Yesterday we determined the bait.
Jack Wilson, Shawn Chacon, Tony Armas, Salomon Torres, Dan Kolb and John Grabow should be available at the trade deadline.
While every club could use more pitching, there are only a few contenders in need of a shortstop. We’ll talk more about the arms later; this morning, let’s find Jack a new home.
At first glance, I see three winning teams that could use an upgrade in the middle infield, seriously limiting where the Bucs can dump Jack Wilson. His salary is obviously a concern—no one wants to invest $15 million in a utility guy, so I’m only accounting for teams where he’d be able to earn significant playing time.
In any case, the potential targets and their incumbent starters:
- Boston (Julio Lugo)
- Toronto (Royce Clayton/John McDonald)
- Minnesota (Jason Bartlett)
Before I begin, let me first say that Dave did a great job summarizing this scenario last week. In addition to the Blue Jays, he mentioned the Astros and Nationals as other possible destinations for Jack, looking forward to 2008 and beyond in his analysis. I’m only here to provide a different perspective.
Okay, on with it. Where’s he headed?
Jack won’t go to Boston, no matter how terrible Julio Lugo is. (Lugo saves Jack from earning the title of “least bang for your shortstop buck.”)
Theo Epstein’s not an idiot—he knows that Wilson isn’t much of an upgrade over his current personnel, nor is he priced to move. I wanted Jack at Fenway during the hot stove season—before the Sox acquired Lugo—but while his bat would be hidden in a potent offense, there just isn’t a reason for Epstein to spend good money after bad.
Along the same lines, it’d be tough to see Jack headed north of the border. While neither Royce Clayton nor John McDonald is terribly proficient on his own, in tandem they seem to be producing to a satisfactory level. The Blue Jays would need to climb in the standings for a move to make sense. And, as Dave noted, Jack does have a limited no-trade clause. With a baby on the way, I would assume that a team in a different country would be on his short list of undesirable destinations.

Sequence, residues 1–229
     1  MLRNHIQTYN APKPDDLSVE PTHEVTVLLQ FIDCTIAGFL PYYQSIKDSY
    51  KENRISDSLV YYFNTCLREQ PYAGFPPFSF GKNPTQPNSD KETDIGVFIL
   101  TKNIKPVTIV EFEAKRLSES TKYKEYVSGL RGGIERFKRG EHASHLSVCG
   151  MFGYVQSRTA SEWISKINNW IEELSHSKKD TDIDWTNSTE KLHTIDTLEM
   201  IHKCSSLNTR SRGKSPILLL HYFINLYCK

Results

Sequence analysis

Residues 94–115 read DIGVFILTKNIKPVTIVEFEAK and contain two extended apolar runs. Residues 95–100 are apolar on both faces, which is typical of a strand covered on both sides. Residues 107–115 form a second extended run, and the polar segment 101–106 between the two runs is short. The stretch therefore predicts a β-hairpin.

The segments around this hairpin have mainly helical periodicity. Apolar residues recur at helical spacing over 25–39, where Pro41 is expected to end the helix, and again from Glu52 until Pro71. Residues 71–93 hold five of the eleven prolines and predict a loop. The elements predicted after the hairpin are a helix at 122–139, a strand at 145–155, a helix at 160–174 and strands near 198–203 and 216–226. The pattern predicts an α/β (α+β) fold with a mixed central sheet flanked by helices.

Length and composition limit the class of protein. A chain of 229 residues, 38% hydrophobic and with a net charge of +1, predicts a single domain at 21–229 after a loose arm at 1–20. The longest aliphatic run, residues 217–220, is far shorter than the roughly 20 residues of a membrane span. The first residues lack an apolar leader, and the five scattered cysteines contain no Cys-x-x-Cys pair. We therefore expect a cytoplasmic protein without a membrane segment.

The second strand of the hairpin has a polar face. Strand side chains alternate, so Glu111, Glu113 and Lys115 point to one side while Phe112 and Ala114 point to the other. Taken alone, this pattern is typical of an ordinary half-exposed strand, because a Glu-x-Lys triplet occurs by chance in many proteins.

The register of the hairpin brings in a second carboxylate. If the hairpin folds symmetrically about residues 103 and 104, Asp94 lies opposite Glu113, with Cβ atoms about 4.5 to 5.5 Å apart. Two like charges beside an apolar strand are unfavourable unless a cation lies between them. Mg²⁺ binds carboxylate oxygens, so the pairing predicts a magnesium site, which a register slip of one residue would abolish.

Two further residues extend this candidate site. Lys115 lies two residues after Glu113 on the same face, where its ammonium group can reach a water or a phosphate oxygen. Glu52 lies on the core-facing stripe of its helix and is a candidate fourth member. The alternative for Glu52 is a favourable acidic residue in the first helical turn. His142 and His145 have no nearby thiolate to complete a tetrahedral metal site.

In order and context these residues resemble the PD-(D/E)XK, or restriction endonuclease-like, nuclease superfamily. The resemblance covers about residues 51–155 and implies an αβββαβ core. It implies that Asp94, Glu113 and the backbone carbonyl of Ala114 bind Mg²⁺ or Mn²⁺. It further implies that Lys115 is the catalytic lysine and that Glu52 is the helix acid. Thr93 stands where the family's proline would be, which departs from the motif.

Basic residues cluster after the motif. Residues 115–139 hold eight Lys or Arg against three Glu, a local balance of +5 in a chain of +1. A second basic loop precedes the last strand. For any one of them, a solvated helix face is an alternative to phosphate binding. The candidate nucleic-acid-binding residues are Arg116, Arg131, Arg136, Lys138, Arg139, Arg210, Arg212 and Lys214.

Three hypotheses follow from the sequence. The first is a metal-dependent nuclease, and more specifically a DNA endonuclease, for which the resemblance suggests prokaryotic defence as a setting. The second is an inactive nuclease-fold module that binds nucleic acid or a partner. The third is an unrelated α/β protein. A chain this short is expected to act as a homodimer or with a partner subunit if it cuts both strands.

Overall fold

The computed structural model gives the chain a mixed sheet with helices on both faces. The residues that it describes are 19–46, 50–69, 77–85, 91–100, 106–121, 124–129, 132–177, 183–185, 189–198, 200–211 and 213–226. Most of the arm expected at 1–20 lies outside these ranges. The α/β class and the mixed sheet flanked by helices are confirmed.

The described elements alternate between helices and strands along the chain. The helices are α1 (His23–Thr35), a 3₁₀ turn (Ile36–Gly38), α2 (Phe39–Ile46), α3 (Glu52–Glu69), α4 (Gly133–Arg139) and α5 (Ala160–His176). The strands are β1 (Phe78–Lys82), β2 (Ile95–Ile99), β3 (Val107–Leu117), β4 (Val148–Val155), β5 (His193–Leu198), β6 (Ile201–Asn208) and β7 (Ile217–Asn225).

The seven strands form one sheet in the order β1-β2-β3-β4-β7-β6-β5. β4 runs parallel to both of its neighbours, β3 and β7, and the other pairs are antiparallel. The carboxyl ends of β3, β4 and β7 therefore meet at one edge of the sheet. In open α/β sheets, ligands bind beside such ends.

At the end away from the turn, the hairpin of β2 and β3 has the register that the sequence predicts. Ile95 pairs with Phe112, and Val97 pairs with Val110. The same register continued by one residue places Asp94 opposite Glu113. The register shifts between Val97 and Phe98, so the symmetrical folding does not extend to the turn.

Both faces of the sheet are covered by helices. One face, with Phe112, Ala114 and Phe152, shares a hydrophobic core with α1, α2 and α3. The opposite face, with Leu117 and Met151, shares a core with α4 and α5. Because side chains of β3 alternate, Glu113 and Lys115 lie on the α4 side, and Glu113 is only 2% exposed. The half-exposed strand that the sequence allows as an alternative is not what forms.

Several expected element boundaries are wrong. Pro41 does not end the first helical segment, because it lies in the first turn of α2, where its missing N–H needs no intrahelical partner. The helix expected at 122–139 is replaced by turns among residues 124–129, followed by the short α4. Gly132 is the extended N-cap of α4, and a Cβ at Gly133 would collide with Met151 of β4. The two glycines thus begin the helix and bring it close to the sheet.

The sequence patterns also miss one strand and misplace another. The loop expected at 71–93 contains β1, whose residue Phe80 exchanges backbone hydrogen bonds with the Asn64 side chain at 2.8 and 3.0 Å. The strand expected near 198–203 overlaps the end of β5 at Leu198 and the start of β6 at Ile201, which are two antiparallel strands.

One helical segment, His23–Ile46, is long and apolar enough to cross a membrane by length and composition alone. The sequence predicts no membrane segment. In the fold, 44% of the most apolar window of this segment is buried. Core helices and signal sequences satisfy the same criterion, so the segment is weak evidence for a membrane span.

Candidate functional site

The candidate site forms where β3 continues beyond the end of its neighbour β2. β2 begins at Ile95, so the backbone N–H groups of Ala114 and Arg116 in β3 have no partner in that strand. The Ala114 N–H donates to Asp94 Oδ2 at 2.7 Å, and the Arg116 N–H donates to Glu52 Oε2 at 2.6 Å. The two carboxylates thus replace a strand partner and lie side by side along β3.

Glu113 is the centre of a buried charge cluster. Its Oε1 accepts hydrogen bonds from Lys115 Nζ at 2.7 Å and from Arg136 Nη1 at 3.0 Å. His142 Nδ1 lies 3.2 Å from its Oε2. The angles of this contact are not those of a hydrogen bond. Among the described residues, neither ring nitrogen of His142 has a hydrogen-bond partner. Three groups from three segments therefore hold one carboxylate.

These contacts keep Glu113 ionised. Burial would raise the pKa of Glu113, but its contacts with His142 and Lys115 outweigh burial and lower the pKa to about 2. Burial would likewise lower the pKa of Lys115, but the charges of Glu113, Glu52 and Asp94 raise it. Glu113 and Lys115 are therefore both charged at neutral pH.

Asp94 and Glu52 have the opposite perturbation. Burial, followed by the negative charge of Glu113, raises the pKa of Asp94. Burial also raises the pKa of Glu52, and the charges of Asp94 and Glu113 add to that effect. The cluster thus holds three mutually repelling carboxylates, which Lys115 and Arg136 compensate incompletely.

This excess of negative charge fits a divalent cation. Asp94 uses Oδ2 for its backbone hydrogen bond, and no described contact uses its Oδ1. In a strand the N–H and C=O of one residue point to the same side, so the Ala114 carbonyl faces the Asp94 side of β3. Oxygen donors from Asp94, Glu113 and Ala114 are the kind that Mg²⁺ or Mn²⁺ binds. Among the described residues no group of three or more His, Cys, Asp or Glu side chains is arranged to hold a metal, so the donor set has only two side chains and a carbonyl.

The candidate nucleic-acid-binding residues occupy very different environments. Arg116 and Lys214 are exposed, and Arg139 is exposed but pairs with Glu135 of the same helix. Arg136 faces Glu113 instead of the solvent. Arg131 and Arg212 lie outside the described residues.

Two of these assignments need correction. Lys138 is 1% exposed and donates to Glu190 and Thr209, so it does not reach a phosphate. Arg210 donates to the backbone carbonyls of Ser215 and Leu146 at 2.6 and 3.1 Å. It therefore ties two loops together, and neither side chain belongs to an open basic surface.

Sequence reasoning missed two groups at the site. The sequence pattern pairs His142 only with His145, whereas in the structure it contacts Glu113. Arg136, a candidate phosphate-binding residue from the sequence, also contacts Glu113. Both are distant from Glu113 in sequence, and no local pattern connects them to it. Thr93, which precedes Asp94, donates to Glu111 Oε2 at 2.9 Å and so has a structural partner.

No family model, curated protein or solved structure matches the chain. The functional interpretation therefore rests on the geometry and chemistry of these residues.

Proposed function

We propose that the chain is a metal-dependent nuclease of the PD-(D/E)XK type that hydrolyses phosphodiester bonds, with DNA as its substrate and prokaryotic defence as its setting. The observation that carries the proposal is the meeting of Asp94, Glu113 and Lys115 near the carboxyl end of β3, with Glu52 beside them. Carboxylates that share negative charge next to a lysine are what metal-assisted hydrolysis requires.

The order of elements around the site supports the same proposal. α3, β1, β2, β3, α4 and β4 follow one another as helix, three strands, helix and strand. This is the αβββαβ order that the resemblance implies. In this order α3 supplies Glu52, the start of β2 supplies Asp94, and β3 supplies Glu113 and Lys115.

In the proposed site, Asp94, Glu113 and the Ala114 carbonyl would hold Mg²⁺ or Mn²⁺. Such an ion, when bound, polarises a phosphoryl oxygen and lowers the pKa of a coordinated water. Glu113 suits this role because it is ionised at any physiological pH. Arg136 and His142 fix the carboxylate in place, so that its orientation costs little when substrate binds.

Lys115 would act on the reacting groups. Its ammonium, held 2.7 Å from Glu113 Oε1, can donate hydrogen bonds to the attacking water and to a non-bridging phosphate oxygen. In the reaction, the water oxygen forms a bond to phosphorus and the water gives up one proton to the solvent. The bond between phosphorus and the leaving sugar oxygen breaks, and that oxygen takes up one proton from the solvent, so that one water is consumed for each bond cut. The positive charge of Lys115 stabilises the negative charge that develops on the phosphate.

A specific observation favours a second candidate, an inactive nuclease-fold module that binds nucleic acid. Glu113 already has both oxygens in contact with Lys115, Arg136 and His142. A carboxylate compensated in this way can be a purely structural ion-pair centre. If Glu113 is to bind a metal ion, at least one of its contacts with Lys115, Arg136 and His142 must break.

Thankfully, Minnesota’s situation is more interesting. Jason Bartlett is hitting .243/.329/.302 (and earning $405,000). He’s a perfect 9 for 9 in stolen base attempts, but he has committed 13 errors in 59 games. The Twins’ next best option, second base prospect Alexi Casilla, hit .233 in 43 at-bats with the big club before being returned to Triple-A.
Jack’s glove on the fast turf at the Metrodome would fit in well, and—I can’t believe I’m saying this—he’d be considered an offensive force when compared to Bartlett.
Thing is, Minnesota isn’t a surefire contender. Torii Hunter will reach free agency this off-season, so if the Twins don’t gain a little ground over the next month or so, they could very well turn into sellers themselves. Furthermore, they’re a small market team on a budget.
Unless the Pirates are to eat a significant chunk of his salary, Jack might remain in black and gold through the end of the season. It’s not that he doesn’t have a desirable skill set—he does. There just aren’t any teams with glaring holes. It might take an injury for Dave Littlefield to have the opportunity to redistribute Jack’s talents. Otherwise, he may have to wait until teams are evaluating their rosters in the off-season.
In any case, it seems as though the Pirates’ best bet for a deadline deal might involve the pitchers I listed earlier. I’ll take a look at possibilities in the coming days.